Pope Francis’s recent apostolic exhortation, “Evangelii Gaudium,” highlighted many of the economic and social justice issues of today’s world and prompted reactions from critics worldwide. William Purcell, associate director for Catholic Social Tradition and Practice at the Center for Social Concerns, said the pope “is not being an idealist, but a realist with ideals.” Purcell said the apostolic exhortation’s contents are both prescriptive and intellectual, focusing largely on pastoral theology and how the Church can engage and shepherd people. “Francis addresses [“Evangelii Gaudium”] to the whole people of God, so not just to the laity, but also to the bishops, clergy and religious,” Purcell said. “He’s talking to the leaders at all levels, including lay leaders … and he’s challenging us to find creative ways to share the key emphasis of God, which is love.” Many of the critiques of and negative reaction to the text are “short-sighted,” Purcell said, misunderstanding the context of the pope’s statements and its background in Catholic Social Tradition. One notable criticism came from talk-show host Rush Limbaugh, who said Francis’s ideas were “pure Marxism” in a Nov. 27 show about the document, titled “It’s Sad How Wrong Pope Francis Is.” Purcell said people should remember that the pope is writing about theology, not ideology. “What he’s really talking about is joy – that’s what ‘gaudium’ means,” Purcell said. “He’s talking about how we’re called to evangelize and that nobody likes a grim do-gooder. “What he’s saying is that we’ve got to be joyful about it, we’ve got to be embracing it. We should attract people by our actions, and so we should be joyful and life-giving.” The apostolic exhortation is the first thing Francis has written completely on his own during his papacy, and Purcell said it presents his vision of what the Church is about, speaking from his position as the head of the institution. “I think it’s exciting because people have been taking notice,” Purcell said. “Some people react to it out of their ideology and not their theology, and people struggle with some of the things he’s talking about.” Purcell said throughout the document, Francis quotes bishops from across the world, as well as past popes and saints. Because of this, the content “isn’t new, but part of our tradition.” “His insight comes from talking about these things in a new style, in an uplifting way, so people see the power of what we’re called to do,” Purcell said. “He becomes so welcoming, so charismatic, and he speaks to the common person. “It doesn’t become esoteric or dense, because he’s speaking to the person in the pew. People can read this and understand it … and I think they get excited by it.” The four main themes of the text are joy, poverty, peace and justice, Purcell said. Beyond the thematic theological elements, Francis “becomes prescriptive and deals with real, concrete ways of addressing problems,” he said. “The beauty of the exhortation is that he writes so well, and he writes so positively and so openly,” Purcell said. “This is a pope who is a Jesuit, so he’s a thinker. There are ideals of things like solidarity and the common good, but he’s being a realist about how we try to address those things. “He gives concrete examples; he names saints or people or particular things so it doesn’t just become words like ‘solidarity,’ but you get the stories and symbols and scripture behind that makes it come alive.” To best utilize the document’s wisdom, Purcell said parishes need to find a way to break it into parts and find pastoral applications for it. “It’s too much to swallow all at one time, because it’s so rich and there’s so much good within it,” he said. “But it’s fun to look at since [Pope Francis is] just so positive, and he speaks so directly. He’s prophetic, but not obnoxious.” Contact Ann Marie Jakubowski at email@example.com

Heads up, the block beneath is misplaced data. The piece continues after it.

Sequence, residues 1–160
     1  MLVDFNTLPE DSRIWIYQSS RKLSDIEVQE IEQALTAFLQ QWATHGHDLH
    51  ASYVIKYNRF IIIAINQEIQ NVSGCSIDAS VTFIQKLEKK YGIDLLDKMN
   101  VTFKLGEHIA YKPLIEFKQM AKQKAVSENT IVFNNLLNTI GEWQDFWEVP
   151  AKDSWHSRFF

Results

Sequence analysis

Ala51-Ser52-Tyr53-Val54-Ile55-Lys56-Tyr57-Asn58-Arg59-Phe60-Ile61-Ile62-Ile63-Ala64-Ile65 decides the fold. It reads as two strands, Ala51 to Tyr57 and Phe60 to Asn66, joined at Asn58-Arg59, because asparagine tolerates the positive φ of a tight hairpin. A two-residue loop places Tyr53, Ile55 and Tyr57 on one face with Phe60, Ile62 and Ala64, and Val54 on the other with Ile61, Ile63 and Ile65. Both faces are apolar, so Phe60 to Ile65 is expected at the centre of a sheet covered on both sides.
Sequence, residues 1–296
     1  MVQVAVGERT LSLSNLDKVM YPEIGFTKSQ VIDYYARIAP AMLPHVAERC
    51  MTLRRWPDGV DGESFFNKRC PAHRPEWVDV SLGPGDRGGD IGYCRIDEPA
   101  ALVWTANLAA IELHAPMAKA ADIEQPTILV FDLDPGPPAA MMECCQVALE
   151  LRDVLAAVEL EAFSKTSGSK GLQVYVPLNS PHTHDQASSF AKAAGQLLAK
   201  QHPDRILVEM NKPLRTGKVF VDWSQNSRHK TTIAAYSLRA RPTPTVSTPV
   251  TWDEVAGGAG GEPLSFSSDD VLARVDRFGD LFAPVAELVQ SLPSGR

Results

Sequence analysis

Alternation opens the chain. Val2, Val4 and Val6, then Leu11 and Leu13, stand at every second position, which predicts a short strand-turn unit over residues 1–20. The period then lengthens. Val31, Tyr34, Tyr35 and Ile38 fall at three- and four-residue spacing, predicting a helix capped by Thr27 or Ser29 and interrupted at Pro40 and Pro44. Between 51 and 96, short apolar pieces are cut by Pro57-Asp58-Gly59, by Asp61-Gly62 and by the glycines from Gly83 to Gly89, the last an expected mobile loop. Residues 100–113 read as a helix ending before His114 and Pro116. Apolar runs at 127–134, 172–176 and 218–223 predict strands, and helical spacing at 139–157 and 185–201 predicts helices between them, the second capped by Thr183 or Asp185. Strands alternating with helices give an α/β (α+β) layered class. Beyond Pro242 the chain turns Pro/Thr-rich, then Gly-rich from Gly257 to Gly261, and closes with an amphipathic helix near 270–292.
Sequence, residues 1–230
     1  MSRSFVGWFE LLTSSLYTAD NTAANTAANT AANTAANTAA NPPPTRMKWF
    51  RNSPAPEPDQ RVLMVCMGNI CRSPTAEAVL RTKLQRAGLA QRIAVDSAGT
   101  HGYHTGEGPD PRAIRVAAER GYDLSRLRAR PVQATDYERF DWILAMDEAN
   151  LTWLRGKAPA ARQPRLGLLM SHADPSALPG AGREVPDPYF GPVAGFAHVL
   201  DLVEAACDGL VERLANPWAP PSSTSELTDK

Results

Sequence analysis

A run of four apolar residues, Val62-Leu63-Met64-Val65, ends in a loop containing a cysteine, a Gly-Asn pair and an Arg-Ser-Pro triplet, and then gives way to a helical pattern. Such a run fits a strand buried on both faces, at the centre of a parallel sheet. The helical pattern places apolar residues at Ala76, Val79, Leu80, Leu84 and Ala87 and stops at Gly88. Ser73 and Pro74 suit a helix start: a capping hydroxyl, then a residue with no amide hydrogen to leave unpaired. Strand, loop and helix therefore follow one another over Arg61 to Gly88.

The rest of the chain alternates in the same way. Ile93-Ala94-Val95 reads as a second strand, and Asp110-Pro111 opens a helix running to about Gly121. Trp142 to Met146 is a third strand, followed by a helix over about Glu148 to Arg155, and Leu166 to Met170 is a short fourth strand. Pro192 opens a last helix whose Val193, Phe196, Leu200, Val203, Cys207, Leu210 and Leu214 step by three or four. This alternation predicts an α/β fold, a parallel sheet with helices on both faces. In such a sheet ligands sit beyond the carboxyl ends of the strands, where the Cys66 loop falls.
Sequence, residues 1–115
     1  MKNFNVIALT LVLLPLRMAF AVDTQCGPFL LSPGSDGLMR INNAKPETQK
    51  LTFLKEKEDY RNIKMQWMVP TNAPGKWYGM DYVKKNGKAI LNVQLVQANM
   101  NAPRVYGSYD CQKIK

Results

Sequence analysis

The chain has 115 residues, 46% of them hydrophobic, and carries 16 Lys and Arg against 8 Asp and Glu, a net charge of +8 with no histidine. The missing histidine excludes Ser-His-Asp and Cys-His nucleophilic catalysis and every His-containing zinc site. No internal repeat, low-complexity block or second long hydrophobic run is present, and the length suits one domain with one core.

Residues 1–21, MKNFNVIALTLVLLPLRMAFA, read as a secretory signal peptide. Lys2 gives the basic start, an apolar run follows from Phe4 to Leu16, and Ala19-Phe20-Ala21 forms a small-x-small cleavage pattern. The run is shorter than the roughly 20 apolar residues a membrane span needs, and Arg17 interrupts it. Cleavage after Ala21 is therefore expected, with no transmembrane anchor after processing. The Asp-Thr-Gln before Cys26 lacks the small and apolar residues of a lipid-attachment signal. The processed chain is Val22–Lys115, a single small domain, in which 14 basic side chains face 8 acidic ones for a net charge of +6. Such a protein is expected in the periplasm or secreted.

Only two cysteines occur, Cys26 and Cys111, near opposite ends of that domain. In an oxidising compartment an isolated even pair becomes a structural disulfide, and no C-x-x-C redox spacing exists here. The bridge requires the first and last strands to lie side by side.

Kodiak, Alaska — one of the only cities in the U.S. to generate almost 100 percent of its electric power from renewable resources — was celebrated for its environmental sustainability in a lecture Tuesday night in DeBartolo Hall.The lecture was presented as part of the 12th ND Energy Week, an awareness week hosted by ND Energy and the Student Energy Board that promotes education and discussion about energy sustainability.Darron Scott, CEO of the Kodiak Electric Association Inc. (KEA) said the city’s initiative to implement clean power began in the early 2000s. KEA is Kodiak’s locally owned and operated electric cooperative.A primary reason KEA decided to switch to clean energy was due to the economic stability hydroelectric power and wind power offered, he said. The price of diesel fuel is highly volatile, he said, which can prove costly.Kodiak’s local industries looking to keep the price of power low was a major proponent of the switch, he said.“We were getting a lot of pressure [to transition] from seafood processors and from the government facilities,” he said.Scott said the Kodiak community embraced the transition for its economic benefits. Because the electric grid on the island is isolated from other cities, the clean power initiative serves Kodiak exclusively.“The benefit from [the wind turbines] comes directly to the people on the island,” he said.Scott said while the project began as a largely independent, local initiative, he attributes part of its success to government funding.“[While KEA was] getting ready to put the project in motion, the state [put] out a big grant for renewable energy projects,” he said.Scott said Kodiak’s transition to sustainable energy was gradual. It began with the introduction of hydroelectric plants, then expanded to include three wind turbines. He said KEA was tentative about wind power at first because it is more challenging to integrate into a power grid.“We didn’t have any real data on how the wind turbines reacted in the [electrical] system,” he said.After gathering close data on its first three wind turbines, the company later doubled the amount to six, he said.Today, KEA generates 82 percent of its electricity using hydroelectric power and 17 percent with wind power, Scott said.Scott said since switching to renewable energy, Kodiak has seen immense economic benefits.“Just the wind turbines alone have saved about 14 million gallons of diesel for our town,” he said.The amount of diesel saved already amounts to more than the initial cost of the project, he added.“We’re nine years in — it’s already paid for itself,” he said.Scott said the project has also helped Kodiak make progress in combating pollution. KEA’s renewable energy has reduced the city’s carbon dioxide emission by 150,000 tons.KEA has plans to expand its renewable energy initiative even further, Scott said.“We’re moving forward with more dispatchable renewable power we can rely on, which is [hydropower],” he said.Scott said he believes it is possible for the U.S. to make a full transition to renewable energy in the near future.“This model — it should work,” he said. “ … The technology’s there.”Tags: clean energy week, darron scott, kodiak
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Sign up for our COVID-19 newsletter to stay up-to-date on the latest coronavirus news throughout New York Suffolk County and federal authorities said they busted 10 suspects allegedly involved in a drug ring that trafficked heroin from New York City to eastern Long Island.Investigators identified the accused ringleader as 28-year-old Robert Maldonado, who was arrested June 5 by Drug Enforcement Administration agents for allegedly running a heroin mill out of his Bronx home, authorities said.“Over a period of six weeks in April and May of this year, Maldonado allegedly delivered over 20,000 ready-for-street sale bags of heroin, driving the deliveries himself” from the Bronx to the Deer Park home of an alleged dealer, Suffolk County District Attorney Tom Spota said.While executing search warrants, investigators seized heroin, crack, cocaine, packaging materials, cash and weapons, authorities said.The other nine suspects besides Maldonado and the alleged Deer Park dealer are from Bay Shore, Rocky Point, Northport, East Islip and Coram, authorities said.They are scheduled to be arraigned Wednesday at Suffolk County court.The arrests come less than a month after another city-based heroin ring with LI ties was busted.